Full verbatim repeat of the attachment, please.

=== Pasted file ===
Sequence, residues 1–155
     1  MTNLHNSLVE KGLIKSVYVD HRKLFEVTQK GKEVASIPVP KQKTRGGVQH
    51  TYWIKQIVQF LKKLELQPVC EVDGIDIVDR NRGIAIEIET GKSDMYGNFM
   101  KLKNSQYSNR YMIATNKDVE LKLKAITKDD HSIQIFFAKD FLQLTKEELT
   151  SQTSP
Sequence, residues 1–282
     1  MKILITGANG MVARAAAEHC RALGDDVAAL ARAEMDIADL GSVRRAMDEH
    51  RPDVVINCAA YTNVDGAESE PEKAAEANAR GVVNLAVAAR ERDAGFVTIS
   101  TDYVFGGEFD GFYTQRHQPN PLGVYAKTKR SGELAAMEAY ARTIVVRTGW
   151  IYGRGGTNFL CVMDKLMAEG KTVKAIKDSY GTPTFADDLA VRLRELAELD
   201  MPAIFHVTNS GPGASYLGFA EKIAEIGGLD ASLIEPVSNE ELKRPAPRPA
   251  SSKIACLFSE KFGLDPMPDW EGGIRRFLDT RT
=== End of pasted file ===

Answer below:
Sequence, residues 1–155
     1  MTNLHNSLVE KGLIKSVYVD HRKLFEVTQK GKEVASIPVP KQKTRGGVQH
    51  TYWIKQIVQF LKKLELQPVC EVDGIDIVDR NRGIAIEIET GKSDMYGNFM
   101  KLKNSQYSNR YMIATNKDVE LKLKAITKDD HSIQIFFAKD FLQLTKEELT
   151  SQTSP
Sequence, residues 1–282
     1  MKILITGANG MVARAAAEHC RALGDDVAAL ARAEMDIADL GSVRRAMDEH
    51  RPDVVINCAA YTNVDGAESE PEKAAEANAR GVVNLAVAAR ERDAGFVTIS
   101  TDYVFGGEFD GFYTQRHQPN PLGVYAKTKR SGELAAMEAY ARTIVVRTGW
   151  IYGRGGTNFL CVMDKLMAEG KTVKAIKDSY GTPTFADDLA VRLRELAELD
   201  MPAIFHVTNS GPGASYLGFA EKIAEIGGLD ASLIEPVSNE ELKRPAPRPA
   251  SSKIACLFSE KFGLDPMPDW EGGIRRFLDT RT